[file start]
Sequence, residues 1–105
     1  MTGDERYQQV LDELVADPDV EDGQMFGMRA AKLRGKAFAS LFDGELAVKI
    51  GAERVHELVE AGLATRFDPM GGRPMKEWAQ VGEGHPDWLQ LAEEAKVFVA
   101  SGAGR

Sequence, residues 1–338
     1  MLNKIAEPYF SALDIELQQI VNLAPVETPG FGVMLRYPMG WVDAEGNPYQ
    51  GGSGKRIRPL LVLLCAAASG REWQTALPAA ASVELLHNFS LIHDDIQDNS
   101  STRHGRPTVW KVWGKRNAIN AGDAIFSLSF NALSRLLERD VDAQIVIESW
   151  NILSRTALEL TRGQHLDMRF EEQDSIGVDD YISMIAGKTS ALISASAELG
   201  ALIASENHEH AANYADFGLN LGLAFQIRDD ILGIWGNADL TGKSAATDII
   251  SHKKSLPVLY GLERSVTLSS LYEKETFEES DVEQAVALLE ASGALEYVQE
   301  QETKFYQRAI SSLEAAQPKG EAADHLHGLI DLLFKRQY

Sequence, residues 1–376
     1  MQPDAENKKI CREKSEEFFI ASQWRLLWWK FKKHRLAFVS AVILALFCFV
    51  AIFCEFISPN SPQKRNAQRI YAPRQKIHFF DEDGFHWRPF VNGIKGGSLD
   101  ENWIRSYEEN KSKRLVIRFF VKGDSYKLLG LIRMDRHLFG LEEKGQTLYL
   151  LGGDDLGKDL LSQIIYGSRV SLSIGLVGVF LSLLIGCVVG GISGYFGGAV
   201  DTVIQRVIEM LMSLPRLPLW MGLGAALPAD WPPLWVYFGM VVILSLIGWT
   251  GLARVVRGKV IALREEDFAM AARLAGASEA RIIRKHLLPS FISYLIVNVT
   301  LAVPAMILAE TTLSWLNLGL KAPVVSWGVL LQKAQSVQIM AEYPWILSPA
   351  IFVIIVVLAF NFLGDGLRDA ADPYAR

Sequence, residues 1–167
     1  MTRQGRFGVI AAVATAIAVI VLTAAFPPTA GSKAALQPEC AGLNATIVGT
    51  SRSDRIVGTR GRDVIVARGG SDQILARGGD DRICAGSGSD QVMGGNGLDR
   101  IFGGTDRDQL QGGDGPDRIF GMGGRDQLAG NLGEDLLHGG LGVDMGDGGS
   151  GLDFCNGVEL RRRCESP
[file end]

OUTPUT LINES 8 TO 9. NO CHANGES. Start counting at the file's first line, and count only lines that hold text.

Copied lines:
   101  STRHGRPTVW KVWGKRNAIN AGDAIFSLSF NALSRLLERD VDAQIVIESW
   151  NILSRTALEL TRGQHLDMRF EEQDSIGVDD YISMIAGKTS ALISASAELG